The building has a single sculpted portal on the south entrance. Despite being heavily damaged, it remains an essential monument in the evolution of gothic sculptural style. The portal depicts the Ascension of Christ. The lintel shows a crowding of apostles, all now missing their heads. Above in the tympanum, a crowned Christ is flanked by four angels set in an undulating carved band reminiscent of clouds. The three bands of voussoirs show the seated twenty-four elders of the Apocalypse with their musical instruments, as well as an outer band of Old Testament prophets with scrolls. As at Chartres Cathedral, the portal at Etampes has a capital frieze depicting scenes from the life and passion of Christ, as well as scenes from Genesis. The jamb figures, missing both heads and feet, depict Old Testament figures carrying scrolls. The middle figure on the left carries a staff and the tablets of the law, and can be identified as Moses. Two other figures, of saints Peter and Paul, would have occupied the outermost jambs, and now reside on the interior of the church.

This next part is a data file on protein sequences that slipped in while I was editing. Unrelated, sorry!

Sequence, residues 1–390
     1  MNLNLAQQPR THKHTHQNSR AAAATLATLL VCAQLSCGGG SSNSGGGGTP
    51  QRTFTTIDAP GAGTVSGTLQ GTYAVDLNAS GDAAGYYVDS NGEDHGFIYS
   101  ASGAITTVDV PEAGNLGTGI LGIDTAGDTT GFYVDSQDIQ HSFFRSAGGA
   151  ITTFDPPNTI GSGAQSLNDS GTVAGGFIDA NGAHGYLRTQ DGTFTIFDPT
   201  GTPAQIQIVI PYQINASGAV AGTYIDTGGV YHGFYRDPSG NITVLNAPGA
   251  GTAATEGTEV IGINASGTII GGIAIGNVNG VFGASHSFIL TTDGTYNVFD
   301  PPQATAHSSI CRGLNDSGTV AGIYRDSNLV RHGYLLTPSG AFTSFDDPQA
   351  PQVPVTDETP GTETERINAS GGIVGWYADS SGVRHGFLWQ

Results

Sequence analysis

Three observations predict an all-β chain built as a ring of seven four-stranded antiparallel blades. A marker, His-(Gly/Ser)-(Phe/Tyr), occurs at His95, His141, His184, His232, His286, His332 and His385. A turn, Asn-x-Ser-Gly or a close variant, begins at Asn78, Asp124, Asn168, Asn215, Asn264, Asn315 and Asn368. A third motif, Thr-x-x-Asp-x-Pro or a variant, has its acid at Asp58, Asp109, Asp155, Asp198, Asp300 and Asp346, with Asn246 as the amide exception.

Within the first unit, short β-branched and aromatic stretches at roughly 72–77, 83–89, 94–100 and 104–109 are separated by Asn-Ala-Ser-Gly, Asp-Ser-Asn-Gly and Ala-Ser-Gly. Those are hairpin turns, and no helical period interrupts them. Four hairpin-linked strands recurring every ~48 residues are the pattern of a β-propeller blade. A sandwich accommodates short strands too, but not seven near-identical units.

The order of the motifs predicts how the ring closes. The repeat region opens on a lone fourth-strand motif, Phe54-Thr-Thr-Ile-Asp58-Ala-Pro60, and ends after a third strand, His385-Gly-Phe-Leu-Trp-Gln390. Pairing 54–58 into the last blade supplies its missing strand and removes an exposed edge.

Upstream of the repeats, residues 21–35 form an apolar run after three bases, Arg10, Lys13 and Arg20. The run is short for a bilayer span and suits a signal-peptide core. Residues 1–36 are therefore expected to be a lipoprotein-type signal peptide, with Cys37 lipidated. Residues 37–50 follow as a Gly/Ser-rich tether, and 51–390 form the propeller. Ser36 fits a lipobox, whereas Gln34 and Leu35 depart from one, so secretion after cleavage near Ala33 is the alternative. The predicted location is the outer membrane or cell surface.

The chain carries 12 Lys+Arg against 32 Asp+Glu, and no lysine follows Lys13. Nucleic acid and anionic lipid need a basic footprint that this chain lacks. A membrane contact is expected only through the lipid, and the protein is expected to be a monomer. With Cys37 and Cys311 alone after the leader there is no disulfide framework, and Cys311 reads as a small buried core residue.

Stylistically, the deep-cut, circular whirls of drapery, with its almost sensual highlighting of the body beneath the robes, is a distinct style that is also found on the left side of the north portal of Chartres' west façade. Additionally, Chartres is one of the only other French buildings from the era to possess a historiated capital frieze. Thus it is generally assumed that the workshop at Etampes was also active at Chartres in the mid-1140s. Williamson argues for an earlier date for the Etampes portal, perhaps the earlier half of the 1140s, given its iconographic simplicity compared with the complex portals at Chartres. He also points to links with southern Romanesque workshops, such as at Vézelay and Saint-Maurice at Vienne that indicate the possibility that the masters at Etampes were trained in the south. This very distinct style has been located as far afield as Nazareth in the Holy Land, indicating either that the Etampes workshop was highly itinerant, or that the style it produced was so desirable as to be readily appropriated by other workshops. Either way, it remains clear that the sculptures of Etampes represent an early creative vision of the column figure, a central innovation of gothic sculpture.
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